An Ohio law allowing pharmacists to dispense naloxone without a script saw the number of naloxone orders rise significantly… what results could we see in Australia?
A new study has found US state legislation allowing pharmacists to dispense naloxone without a prescription was associated with a significant increase in naloxone dispensing rates.
In July 2015, a new bill was passed in Ohio that further expanded access to naloxone by permitting pharmacists in the state to dispense naloxone without a script.
Naloxone could thus be dispensed to an individual where there is a reason to believe they are experiencing or at risk of experiencing an opioid-related overdose, and it could also be dispensed to a family member, friend, or other person in a position to assist an individual at risk of experiencing an opioid-related overdose.
As of May 2019, approximately 75% of community pharmacies in Ohio were registered to dispense naloxone without a prescription.
The recent study led by University of Cincinnati researchers looked at data of all patients 18 years and older with at least one naloxone order dispensed through Ohio Medicaid or by a Kroger Pharmacy during the study period of 16 July 2014 to 15 January 2017.
According to the results, published in JAMA Network Open, the number of naloxone orders dispensed after the policy was implemented increased by 2328% in the Ohio Medicaid population – from 191 in the pre-policy period to 4637 in the post-policy period.
The total number of patients receiving naloxone increased 2000%, from 183 in the pre-policy period to 3847 in the post-policy period.
The number of orders dispensed by the three large chain community pharmacies increased by 3237%, from 59 in the pre-policy period to 1969 in the post-policy period.
The most commonly used naloxone delivery methods were intramuscular, which may have been used intranasally with an atomiser (i.e., off-label), and nasal (which was approved by the US FDA in November 2015).
No differences in sex, race, or geographic location were observed among patients in the pre-policy vs post-policy period.
However, patients residing in a low-employment county were significantly more likely to receive naloxone in the post-policy period (11.5%) compared with the pre-policy period (3.8%; P = 0.001).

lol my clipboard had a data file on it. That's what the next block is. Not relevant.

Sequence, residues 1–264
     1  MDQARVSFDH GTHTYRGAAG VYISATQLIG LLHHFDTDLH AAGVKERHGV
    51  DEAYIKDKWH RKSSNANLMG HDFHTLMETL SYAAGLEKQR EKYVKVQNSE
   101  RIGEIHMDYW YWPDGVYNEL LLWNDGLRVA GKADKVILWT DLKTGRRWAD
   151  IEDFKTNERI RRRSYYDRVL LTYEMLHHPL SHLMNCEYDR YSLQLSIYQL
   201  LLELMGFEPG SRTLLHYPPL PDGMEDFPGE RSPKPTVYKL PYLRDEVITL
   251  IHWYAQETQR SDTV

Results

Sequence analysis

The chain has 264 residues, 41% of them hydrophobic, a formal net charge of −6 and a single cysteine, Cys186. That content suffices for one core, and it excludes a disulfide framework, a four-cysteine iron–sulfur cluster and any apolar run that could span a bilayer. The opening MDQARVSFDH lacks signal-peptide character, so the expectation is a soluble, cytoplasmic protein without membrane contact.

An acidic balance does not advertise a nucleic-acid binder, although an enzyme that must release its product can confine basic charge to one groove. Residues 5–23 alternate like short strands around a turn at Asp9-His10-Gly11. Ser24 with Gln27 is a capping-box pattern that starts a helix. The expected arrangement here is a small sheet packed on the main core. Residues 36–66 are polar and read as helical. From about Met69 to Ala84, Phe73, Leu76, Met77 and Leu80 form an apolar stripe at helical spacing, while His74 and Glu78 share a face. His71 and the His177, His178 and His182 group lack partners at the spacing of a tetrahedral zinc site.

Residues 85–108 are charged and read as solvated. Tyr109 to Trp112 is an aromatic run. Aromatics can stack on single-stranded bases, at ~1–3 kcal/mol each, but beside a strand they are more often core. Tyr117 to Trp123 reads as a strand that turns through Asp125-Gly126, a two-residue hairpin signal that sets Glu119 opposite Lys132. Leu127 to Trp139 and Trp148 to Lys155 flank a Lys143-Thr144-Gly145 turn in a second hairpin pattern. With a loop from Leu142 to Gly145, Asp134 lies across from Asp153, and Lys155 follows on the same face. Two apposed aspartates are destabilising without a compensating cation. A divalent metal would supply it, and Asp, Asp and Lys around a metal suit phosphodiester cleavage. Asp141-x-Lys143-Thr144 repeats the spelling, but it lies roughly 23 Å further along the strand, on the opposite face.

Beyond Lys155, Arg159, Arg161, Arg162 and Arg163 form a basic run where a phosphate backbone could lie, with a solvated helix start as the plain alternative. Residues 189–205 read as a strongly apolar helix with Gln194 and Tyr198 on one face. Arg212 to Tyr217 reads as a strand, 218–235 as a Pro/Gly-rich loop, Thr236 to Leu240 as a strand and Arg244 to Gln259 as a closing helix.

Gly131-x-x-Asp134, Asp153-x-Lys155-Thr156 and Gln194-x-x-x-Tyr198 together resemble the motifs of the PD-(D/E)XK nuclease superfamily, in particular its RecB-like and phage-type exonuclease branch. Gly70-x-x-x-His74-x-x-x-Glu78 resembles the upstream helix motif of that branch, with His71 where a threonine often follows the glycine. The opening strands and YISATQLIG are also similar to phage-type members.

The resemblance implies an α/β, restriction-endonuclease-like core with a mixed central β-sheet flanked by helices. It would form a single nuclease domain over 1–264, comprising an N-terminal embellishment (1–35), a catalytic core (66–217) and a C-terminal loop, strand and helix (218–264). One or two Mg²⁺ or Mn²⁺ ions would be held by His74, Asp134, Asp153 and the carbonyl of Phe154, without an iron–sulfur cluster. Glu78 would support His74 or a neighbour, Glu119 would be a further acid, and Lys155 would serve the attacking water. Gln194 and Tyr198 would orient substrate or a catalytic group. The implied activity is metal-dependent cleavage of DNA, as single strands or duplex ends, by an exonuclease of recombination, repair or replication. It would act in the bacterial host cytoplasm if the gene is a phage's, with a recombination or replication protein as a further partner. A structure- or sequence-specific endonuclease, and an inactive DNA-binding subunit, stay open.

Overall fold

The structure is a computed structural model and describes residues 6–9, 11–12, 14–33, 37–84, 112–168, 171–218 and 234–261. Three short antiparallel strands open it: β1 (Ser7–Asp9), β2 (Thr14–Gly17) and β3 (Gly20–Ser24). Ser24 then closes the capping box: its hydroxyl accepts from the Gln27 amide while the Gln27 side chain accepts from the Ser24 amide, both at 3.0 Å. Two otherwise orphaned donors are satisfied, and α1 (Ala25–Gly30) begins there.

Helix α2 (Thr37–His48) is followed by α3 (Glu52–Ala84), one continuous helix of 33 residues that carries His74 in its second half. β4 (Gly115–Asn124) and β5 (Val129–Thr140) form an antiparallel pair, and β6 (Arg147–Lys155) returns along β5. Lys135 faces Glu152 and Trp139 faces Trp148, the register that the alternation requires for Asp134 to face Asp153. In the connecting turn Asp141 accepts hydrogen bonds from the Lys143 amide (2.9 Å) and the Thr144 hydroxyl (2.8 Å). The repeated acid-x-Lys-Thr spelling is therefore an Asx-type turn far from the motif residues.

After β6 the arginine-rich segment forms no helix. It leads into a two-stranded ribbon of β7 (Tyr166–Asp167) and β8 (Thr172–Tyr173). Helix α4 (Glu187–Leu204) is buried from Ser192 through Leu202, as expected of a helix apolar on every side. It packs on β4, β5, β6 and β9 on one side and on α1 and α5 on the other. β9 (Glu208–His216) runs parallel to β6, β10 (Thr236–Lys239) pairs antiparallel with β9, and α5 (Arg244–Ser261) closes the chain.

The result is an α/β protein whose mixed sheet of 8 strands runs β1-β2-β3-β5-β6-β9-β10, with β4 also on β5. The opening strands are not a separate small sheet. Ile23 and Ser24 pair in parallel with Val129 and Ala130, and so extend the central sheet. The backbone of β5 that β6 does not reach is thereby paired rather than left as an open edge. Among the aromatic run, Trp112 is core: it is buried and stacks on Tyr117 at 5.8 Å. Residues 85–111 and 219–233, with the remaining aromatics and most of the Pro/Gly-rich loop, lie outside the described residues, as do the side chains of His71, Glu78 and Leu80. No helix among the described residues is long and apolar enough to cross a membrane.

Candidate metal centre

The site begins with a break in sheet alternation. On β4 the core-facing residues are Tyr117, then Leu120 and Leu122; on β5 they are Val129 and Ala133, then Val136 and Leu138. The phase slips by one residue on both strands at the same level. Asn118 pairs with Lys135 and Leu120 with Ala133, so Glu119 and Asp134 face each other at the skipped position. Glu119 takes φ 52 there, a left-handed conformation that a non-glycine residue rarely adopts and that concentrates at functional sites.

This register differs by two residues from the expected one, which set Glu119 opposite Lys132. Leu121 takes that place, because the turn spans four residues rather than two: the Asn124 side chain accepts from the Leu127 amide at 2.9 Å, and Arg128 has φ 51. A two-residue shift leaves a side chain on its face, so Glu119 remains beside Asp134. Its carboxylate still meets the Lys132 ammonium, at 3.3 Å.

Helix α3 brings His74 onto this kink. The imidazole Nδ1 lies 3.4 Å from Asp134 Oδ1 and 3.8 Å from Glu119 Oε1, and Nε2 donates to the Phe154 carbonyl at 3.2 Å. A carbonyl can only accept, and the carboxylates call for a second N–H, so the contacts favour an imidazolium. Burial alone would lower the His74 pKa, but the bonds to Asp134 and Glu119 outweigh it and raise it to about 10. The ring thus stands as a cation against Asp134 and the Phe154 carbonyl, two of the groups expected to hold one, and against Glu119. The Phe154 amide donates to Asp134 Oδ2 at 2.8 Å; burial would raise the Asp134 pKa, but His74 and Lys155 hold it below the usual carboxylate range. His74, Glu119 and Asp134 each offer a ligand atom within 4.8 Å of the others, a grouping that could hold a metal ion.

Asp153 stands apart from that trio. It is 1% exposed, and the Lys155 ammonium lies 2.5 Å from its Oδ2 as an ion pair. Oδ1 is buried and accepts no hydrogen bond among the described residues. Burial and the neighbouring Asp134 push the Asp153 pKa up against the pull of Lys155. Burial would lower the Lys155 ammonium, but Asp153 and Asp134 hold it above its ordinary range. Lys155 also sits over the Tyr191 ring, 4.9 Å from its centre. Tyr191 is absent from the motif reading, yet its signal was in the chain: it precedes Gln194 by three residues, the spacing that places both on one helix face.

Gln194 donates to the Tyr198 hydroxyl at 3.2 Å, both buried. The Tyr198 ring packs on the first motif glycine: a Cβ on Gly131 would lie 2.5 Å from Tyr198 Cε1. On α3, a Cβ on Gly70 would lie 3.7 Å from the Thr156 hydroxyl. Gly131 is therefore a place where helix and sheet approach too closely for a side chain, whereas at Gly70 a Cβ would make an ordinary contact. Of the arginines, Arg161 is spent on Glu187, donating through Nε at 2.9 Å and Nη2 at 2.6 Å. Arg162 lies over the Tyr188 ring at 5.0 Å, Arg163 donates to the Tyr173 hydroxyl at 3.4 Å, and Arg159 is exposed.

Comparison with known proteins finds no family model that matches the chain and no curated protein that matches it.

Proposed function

Patients residing in a high-poverty county were also significantly more likely to receive naloxone in the post-policy period (13.6%) compared with the pre-policy period (6.0%; P = 0.003)
In Australia, naloxone was placed on Schedule 3 in February 2016, making it available over the counter with a private fee.
A naloxone pilot, currently running from 1 December 2019 through to 28 February 2021, is making the drug available free and without prescription to people who may experience, or witness, an opioid overdose.
This pilot is being administered across three state: New South Wales, South Australia and Western Australia.
It is hoped the pilot will encourage pharmacists to supply naloxone and break barriers to access including prohibitive costs and lack of prescription by doctors.
PSA says it “wholeheartedly endorses” the need for naloxone to be more accessible for people who might find themselves at risk of opioid overdose, and supports the expansion of the trial.
“We want to see take home naloxone expanded, and we believe there is a need for greater support and awareness of the take home naloxone trials that are being conducted in SA, WA and NSW,” PSA national president Associate Professor Chris Freeman told AJP.
“Not only do patients need to be aware, but so do GPs and certainly pharmacists as well. There is a need for these pilots to allocate more resourcing to awareness of the program amongst the community, and we will certainly continue to make the case for this, and for expanded roll out.”